Generally speaking the latest book ‘Muslim Zion—Pakistan as a Political idea’ by Faisal Devji — a historian at Oxford University published by Hurst & Company — is a valuable addition in the raging ideological debate between champions of political and militant Islamism and the democratic forces. Recent discourse on the issue whether Hakeemullah or the Pakistan Army’s Muslim soldiers who are killed in the line of duty fighting various groups of militant Islamists should be titled ‘Shaheed’, is a part of this larger ideological debate.
Personally speaking this book is reassuring because its basic argument is close to the submission in my book — ‘What’s wrong with Pakistan? Both books were published around the same time otherwise I could have taken help from Faisal Devji’s academic work.
Faisal draws parallel between the ‘idea of Pakistan’ i.e. a state for the Muslims of India and ‘idea of Israel’ which is based on Zionism. This he maintained makes them twin states because they were created on the basis of religious ideology and an imagined identity. Some writers confuse this aspect and have included all the countries that have officially declared the state religion such as Saudi Arabia, Iran, Malaysia, etc. It would be good for them to read this book as it explains the difference between states existing in one form or another, adopting and declaring in their constitution that the religion of their state would be Islam and the ‘imagined states’ like Pakistan and Israel.
It is also acknowledged by Faisal that this proposition is not something new. Faisal maintains that “Zia ul Haq was only stating the obvious when in a 1982 interview with The Economist, he pointed out that ‘Pakistan is, like Israel, an ideological state. Take out Judaism from Israel and it will fall like a house of cards. Take Islam out of Pakistan and make it a secular state; it would collapse.” His contribution is that he has discussed this paradigm theoretically and in detail.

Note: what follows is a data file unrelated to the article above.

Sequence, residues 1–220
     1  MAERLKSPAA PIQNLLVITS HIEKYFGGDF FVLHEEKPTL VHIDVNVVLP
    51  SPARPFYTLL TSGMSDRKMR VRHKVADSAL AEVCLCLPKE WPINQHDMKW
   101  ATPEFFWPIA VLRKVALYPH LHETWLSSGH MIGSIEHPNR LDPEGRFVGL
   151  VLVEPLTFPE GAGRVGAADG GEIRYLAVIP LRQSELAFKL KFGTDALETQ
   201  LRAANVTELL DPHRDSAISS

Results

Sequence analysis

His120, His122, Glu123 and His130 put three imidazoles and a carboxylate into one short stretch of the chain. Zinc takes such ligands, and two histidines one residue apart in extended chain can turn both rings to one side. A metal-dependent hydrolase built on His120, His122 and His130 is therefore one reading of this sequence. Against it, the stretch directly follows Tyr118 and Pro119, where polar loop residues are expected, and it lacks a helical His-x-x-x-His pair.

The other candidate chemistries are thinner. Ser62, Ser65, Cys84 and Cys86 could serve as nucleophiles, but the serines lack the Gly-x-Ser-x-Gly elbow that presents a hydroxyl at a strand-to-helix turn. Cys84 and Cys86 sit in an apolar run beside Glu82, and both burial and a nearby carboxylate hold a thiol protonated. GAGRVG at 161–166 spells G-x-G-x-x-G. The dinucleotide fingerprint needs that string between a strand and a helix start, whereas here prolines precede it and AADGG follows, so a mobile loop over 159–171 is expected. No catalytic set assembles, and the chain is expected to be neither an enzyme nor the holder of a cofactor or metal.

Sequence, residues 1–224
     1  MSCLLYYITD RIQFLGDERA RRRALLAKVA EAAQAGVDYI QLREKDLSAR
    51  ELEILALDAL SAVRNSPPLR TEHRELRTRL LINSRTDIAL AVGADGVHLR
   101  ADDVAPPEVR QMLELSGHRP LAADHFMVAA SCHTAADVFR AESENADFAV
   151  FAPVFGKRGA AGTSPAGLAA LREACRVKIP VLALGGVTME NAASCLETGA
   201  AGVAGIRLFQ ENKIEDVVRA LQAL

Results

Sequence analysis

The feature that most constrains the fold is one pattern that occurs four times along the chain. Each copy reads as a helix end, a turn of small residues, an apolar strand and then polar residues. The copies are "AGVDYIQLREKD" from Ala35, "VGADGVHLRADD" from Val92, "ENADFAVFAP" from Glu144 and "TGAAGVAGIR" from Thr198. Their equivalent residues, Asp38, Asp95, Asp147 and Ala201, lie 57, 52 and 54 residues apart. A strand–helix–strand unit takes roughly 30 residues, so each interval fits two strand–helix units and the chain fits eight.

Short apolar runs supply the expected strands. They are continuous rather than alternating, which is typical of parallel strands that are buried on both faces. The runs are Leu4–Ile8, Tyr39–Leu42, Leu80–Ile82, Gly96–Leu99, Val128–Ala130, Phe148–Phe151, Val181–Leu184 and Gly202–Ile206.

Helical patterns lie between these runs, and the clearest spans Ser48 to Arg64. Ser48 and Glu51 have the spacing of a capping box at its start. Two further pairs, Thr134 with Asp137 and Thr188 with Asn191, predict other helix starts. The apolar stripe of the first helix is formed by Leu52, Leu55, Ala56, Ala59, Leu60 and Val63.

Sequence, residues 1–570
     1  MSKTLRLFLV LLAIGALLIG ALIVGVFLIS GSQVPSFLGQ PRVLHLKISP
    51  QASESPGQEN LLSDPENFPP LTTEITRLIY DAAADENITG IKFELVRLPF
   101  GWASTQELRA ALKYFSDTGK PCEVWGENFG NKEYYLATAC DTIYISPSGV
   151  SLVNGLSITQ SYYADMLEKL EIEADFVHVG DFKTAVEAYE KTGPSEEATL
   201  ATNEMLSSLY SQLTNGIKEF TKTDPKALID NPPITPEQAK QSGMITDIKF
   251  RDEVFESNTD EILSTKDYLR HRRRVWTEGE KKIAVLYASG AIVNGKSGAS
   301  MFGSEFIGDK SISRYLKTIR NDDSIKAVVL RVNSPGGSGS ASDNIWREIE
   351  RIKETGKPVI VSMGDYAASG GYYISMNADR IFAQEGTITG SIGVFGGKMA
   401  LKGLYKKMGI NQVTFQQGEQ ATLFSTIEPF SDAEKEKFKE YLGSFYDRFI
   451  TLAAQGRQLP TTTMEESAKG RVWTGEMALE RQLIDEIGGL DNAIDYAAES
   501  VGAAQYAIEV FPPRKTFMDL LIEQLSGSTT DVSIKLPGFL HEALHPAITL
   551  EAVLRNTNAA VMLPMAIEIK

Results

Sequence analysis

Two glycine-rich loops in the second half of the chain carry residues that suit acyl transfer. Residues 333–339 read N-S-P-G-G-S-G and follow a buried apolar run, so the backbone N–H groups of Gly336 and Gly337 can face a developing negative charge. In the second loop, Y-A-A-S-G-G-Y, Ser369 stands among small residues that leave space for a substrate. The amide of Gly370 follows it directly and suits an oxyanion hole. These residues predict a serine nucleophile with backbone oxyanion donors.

Zia’s argument is extended by the Islamists who assert that religion alone is a binding force that keeps the country together. Separation of East Pakistan amply proved the fallacy of this argument, as geographical, economic, historical and Bengali nationalism over-ruled the concept of one Islamic nation. Some would still argue that though Bangladesh separated from Pakistan it did not merge with West Bengal because it wanted to keep its Islamic identity. Again this is wrong because the political parties that led the liberation war stood for a secular Bangladesh, a fact upheld by its Supreme Court last year. They did not join West Bengal because it would have meant only changing the masters – from Islamabad to Delhi. West Bengal on the other hand had no desire to break away from India.
As ‘imagined states’ Faisal observed that the basic idea of Pakistan and Israel defined “nationality outside the state, with all world’s Jews and all the subcontinent’s Muslim capable of becoming citizens, which is perhaps why the states meant to be their homeland imagined in such disparate and shifting way. From an Eretz Israel that can include chunks of Egypt, Jordan and Lebanon, to a Pakistan that would add to its territory not simply the whole of Kashmir, but also bits of Indian provinces of Punjab, Gujarat and Andhra Pradesh, these countries have never possessed a stable form even in their imaginaries.”